“It’s Jim Crow all over again,” is how 98-year-old civil rights legend Rev. Joseph Lowery describes “Interstate Crosscheck,” the questionable “purge” operation run by former Kansas Secretary of State Kris Kobach that has cost 1.1 million voters their registrations in 30 states. The victims: mostly voters of color.
Now, thanks to legal action by the American Civil Liberties Union (ACLU) of Kansas, Mr. Crow may be dead… at least temporarily.
Truthout talked with the ACLU’s chief litigator in Kansas, Lauren Bonds, about the settlement the group reached with Kansas’ secretary of state’s office. Since Kansas compiles and supplies the purge lists for other states (most of them Republican controlled), shutting down the Kansas program shuts down Crosscheck nationwide.
Here’s how Crosscheck works — and how the ACLU has shut it down, at least for now.
“Interstate Crosscheck” purported to be a way to hunt down anyone voting or registering in two states — by “crosschecking” registration rolls from 30 states.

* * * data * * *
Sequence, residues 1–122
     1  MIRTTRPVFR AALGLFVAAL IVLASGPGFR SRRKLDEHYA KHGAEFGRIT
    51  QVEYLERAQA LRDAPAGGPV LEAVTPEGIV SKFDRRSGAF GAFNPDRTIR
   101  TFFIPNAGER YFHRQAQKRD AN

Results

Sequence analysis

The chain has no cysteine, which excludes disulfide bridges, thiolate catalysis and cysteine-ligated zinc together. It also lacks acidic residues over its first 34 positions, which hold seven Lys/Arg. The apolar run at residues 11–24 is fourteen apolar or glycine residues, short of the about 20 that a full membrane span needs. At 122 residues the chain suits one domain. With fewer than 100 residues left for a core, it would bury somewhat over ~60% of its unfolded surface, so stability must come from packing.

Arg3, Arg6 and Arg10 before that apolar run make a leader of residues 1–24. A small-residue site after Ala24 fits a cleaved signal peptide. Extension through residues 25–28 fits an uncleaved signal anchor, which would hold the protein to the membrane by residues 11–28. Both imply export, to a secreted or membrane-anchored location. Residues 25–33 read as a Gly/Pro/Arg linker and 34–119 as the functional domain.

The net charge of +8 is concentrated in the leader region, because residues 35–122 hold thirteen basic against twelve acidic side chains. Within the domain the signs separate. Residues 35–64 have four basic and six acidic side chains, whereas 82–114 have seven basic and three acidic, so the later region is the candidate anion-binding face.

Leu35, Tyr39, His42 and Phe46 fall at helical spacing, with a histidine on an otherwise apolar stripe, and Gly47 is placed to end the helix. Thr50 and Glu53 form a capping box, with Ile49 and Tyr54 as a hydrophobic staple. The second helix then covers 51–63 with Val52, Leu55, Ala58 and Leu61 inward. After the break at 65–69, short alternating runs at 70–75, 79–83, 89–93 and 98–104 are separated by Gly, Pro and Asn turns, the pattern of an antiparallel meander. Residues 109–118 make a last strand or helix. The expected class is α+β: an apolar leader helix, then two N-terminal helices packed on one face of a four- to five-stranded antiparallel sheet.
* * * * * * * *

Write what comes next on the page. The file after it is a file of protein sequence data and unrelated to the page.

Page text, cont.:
Removing voters registered in two states sounds reasonable, except for this: Less than one in a million of the astonishing 7.2 million voters tagged had, in fact, voted twice.
In 2017, President Trump appointed Kobach to head a federal commission on voter fraud, which Kobach was hoping to use to force all 50 states to adopt Crosscheck. The commission was disbanded when it refused to open its records to the public.
Rolling Stone and Truthout reported that Crosscheck tagged a breathtaking one in six Latinx voters, one in seven Asian Americans and one in nine Black voters in Crosscheck states for removal from the rolls — ultimately scrubbing an estimated 1.1 million registrations before the 2016 election.
But the ACLU did not halt Crosscheck because it is grossly inaccurate and racially biased. Rather, the civil liberties group sued because of the sloppy way Kobach’s office handled voters’ private data. Using unencrypted files and insecure servers led to the public release of more than 1,000 Kansans’ private information, including at least part of voters’ social security numbers.